Understandably most people are sensitive about protecting their personal health information. For this reason, Australia’s privacy laws give heath information a higher level of protection than other types of personal data.
However, the myriad of privacy laws that apply to health information make it challenging for health providers to know and comply with their obligations.
This week’s release of new health privacy guidance by the Australian Privacy Commissioner is a welcome move, as is the recent guidance issued by the Australian Medical Association on taking clinical images with personal devices.
‘Health information’ is defined in the Privacy Act 1988 (Cth) to mean:
Examples include medical and dental records, notes of symptoms or diagnosis and treatment provided, records about an individual held by a fitness club or gym, and photos taken of a patient’s injury or symptom.
This is particularly so for health service providers operating in multiple jurisdictions across Australia.
The Privacy Act protects health information and imposes obligations on all private sector ‘health service providers’. If you provide a health service (even if that’s not your primary activity) and hold health information, you will be a ‘health service provider’.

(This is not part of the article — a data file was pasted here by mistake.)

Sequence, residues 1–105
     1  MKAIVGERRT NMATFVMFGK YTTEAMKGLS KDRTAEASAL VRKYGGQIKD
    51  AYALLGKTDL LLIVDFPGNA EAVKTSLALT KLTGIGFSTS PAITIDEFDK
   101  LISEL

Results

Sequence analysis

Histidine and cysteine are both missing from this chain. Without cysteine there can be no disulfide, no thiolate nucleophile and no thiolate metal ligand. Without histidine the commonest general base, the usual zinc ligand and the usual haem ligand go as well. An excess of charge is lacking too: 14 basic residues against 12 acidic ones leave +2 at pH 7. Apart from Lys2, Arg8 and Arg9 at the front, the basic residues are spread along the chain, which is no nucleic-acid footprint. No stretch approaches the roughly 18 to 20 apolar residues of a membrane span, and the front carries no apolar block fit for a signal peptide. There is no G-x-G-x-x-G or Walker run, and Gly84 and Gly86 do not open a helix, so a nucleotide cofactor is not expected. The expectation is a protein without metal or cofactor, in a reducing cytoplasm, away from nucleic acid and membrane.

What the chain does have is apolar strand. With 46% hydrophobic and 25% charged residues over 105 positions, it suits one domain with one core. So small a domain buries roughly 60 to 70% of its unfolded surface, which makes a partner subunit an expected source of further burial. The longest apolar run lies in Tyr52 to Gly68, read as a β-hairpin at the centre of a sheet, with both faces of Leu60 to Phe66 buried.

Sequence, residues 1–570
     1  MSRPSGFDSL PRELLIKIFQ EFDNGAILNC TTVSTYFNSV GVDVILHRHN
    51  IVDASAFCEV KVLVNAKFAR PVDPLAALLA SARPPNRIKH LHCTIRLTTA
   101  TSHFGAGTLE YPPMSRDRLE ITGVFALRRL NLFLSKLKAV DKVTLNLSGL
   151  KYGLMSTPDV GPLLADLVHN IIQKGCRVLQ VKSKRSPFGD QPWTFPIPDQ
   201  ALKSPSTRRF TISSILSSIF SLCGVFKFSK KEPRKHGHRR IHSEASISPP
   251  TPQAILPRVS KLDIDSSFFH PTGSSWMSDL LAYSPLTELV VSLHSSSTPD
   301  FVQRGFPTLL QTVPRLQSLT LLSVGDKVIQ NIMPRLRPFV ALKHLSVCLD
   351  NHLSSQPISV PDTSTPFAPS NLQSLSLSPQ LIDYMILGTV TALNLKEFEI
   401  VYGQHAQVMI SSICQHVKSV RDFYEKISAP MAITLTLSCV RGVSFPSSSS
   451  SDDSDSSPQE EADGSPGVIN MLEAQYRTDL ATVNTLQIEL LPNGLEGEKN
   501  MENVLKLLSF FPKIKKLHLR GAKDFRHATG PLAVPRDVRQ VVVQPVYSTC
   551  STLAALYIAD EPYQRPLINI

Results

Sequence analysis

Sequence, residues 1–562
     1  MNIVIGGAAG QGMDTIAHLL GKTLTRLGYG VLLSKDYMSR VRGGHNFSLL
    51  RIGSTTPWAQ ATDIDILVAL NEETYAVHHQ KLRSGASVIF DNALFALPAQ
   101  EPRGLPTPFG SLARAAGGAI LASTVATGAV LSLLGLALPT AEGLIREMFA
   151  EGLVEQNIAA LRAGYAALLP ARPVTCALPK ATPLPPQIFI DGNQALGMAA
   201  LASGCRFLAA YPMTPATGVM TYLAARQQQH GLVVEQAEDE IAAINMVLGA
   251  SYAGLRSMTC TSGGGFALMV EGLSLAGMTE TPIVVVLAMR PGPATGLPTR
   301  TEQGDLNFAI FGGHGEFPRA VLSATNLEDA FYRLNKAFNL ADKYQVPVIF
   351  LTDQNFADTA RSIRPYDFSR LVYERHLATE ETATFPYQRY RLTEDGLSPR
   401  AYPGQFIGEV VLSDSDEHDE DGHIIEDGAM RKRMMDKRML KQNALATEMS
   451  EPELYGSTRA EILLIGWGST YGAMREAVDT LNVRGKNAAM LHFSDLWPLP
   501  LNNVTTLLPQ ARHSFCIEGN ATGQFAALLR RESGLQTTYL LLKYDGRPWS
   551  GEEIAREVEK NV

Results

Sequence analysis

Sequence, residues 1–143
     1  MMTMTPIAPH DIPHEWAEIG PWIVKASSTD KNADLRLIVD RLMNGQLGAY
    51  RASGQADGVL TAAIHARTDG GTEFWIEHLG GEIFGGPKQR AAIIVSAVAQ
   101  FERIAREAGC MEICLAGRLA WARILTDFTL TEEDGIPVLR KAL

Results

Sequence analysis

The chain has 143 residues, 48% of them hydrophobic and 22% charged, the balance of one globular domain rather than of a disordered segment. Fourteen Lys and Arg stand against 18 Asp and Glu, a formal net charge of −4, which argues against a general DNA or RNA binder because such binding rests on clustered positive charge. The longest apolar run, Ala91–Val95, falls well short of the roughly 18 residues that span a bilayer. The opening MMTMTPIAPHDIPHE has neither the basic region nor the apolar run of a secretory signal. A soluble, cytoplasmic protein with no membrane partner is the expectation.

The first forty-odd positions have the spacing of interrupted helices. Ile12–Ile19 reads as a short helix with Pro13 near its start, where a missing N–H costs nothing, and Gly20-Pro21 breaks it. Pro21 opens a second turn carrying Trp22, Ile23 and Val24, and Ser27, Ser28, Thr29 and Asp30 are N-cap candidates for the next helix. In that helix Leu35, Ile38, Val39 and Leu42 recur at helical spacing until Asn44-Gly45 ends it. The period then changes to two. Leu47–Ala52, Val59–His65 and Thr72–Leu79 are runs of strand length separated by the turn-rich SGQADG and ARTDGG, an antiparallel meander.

The Personally Controlled Electronic Health Records Act 2012 (Cth) regulates the collection, use and disclosure of health information included in an individual’s e-health record, and the Healthcare Identifiers Act 2010 (Cth) regulates the use and disclosure of health care identifiers used in the e-health record system.
State and Territory government health departments (and other public health networks, districts and services) must comply with their local privacy legislation when handling health information, as well as other types of personal information.
Some States even have their own legislation that private sector providers must also comply with. Confusingly, laws vary between States and Territories and there is also significant overlap between the Federal and State/Territory laws.
This week the Office of the Australian Information Commissioner (OAIC) released a new series of draft health privacy resources for health service providers and consumers.
The consultation drafts, released for public comment, follow on from last year’s reforms to the Privacy Act, and the publication of the OAIC’s Australian Privacy Principles (APP) Guidelines. When finalised, they will replace all existing health privacy guidelines of the OAIC.
The new draft health privacy resources provide much more detailed guidance for health service providers than is currently available in the APPs.
They include information on privacy issues that arise most frequently for the health sector and guides for collecting, handling, using, disclosing and providing access to patients’ health information (including for health management and research purposes).
The closing date for comments on the draft resources is 20 October 2015.